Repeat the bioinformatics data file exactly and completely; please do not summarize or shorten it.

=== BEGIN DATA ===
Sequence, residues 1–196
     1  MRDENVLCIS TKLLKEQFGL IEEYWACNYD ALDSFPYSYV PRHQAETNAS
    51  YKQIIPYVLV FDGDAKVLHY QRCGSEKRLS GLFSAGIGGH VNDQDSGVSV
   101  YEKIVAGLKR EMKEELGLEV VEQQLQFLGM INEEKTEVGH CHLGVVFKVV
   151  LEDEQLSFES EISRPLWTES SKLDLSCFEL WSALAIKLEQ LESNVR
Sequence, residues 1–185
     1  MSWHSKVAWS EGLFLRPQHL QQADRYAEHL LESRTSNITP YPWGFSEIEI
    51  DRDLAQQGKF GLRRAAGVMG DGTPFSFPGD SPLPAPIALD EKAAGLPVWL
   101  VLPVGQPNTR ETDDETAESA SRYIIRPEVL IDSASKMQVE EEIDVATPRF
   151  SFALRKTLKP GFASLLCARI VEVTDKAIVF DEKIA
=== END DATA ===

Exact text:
Sequence, residues 1–196
     1  MRDENVLCIS TKLLKEQFGL IEEYWACNYD ALDSFPYSYV PRHQAETNAS
    51  YKQIIPYVLV FDGDAKVLHY QRCGSEKRLS GLFSAGIGGH VNDQDSGVSV
   101  YEKIVAGLKR EMKEELGLEV VEQQLQFLGM INEEKTEVGH CHLGVVFKVV
   151  LEDEQLSFES EISRPLWTES SKLDLSCFEL WSALAIKLEQ LESNVR
Sequence, residues 1–185
     1  MSWHSKVAWS EGLFLRPQHL QQADRYAEHL LESRTSNITP YPWGFSEIEI
    51  DRDLAQQGKF GLRRAAGVMG DGTPFSFPGD SPLPAPIALD EKAAGLPVWL
   101  VLPVGQPNTR ETDDETAESA SRYIIRPEVL IDSASKMQVE EEIDVATPRF
   151  SFALRKTLKP GFASLLCARI VEVTDKAIVF DEKIA